How well do you know the Great Escape?
Before answering, Beachers might wonder, which one? The true story, the Hollywood film, or the bookstore on Kingston Road?
In the March 18 edition of the Beach Metro News, we spoke with historian Ted Barris, whose latest book tells the story of the many Canadians involved in the real Great Escape – a massive breakout by 76 Allied airmen who secretly dug a 109-metre tunnel to escape the Stalag Luft III prison camp.
We also spoke with Brian Floody, who grew up in the Beach with the real-life architect of that tunnel – his father Wally Floody.
Beginning at 11 a.m. this Sunday, Barris will present a special Fox Theatre screening of the 1963 Hollywood film about the story, which director John Sturges made with some design advice from Wally Floody.
Also this week, if any reader is quick enough, a free hard copy of Barris’ book, The Great Escape: A Canadian Story, will go to the first person who answers the following question:
Name the Canadian Spitfire pilot who shot down a Luftwaffe plane that dropped bombs on Buckingham Palace, and later received a thank-you from Queen Wilhelmina of the Netherlands, who watched the whole thing from her balcony. Hint: the same pilot was an extraordinarily lucky survivor of the Great Escape. Double hint: fans of Bernie Fletcher’s Reel Beach will find the answer in a column all about his favourite war movie.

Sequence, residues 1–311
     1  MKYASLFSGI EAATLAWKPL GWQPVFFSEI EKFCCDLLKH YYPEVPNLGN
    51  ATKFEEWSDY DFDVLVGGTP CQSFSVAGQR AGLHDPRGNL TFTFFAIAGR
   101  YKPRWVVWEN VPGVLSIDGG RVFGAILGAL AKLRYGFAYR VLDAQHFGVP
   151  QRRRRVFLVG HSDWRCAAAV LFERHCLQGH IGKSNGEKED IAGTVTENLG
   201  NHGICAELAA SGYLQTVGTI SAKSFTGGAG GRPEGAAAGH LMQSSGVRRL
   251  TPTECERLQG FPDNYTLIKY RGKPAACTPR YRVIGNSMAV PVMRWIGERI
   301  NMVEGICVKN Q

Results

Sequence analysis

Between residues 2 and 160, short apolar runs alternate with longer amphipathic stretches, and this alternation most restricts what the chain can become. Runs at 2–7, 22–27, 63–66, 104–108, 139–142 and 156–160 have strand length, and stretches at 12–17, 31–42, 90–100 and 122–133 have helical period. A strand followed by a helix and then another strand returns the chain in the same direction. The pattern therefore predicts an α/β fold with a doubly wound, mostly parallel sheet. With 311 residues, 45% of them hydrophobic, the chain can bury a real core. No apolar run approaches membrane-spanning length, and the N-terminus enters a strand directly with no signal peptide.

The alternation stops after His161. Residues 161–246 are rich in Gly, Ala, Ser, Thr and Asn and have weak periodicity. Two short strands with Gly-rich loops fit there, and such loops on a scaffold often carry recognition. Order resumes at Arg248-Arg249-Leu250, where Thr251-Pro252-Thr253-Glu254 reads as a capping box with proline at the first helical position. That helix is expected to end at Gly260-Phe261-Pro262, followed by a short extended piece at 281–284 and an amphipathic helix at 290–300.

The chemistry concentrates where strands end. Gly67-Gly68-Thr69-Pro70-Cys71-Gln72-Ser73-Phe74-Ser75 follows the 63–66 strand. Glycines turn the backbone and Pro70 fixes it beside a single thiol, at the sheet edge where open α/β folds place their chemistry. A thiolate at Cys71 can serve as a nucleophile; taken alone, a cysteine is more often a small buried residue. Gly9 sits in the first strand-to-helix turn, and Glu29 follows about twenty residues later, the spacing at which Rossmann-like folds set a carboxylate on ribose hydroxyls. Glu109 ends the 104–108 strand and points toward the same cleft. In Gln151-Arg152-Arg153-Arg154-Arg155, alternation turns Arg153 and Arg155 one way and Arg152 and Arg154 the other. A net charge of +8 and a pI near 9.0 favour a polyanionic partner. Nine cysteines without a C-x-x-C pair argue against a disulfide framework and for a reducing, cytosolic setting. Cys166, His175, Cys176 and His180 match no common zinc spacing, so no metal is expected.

Answers can be sent by using the comments box below, by mail, Twitter, or Facebook. Beach Metro News will draw a name from the list of correct entries on April 23, and arrange a pick-up of the book at The Great Escape bookstore.
For anyone wondering about the coincidence of the store’s name, Great Escape owner Katya Nosko says when Bruce and Marg Ewing opened the store 16 years ago, they started with the simple idea that any good book is indeed a great escape.
But Bruce is also a huge fan of the film, Nosko said. For the store logo, he sketched actor Steve McQueen playing the lead role in the movie and holding a book over the bars of his Triumph motorcycle.
After the store opened, Nosko said Brian Floody dropped by and pointed out the coincidence – one of the real-life players in the Great Escape had lived just around the corner. He gave them the movie stills and a photo of Wally Floody on the film set that now hangs in the shop.
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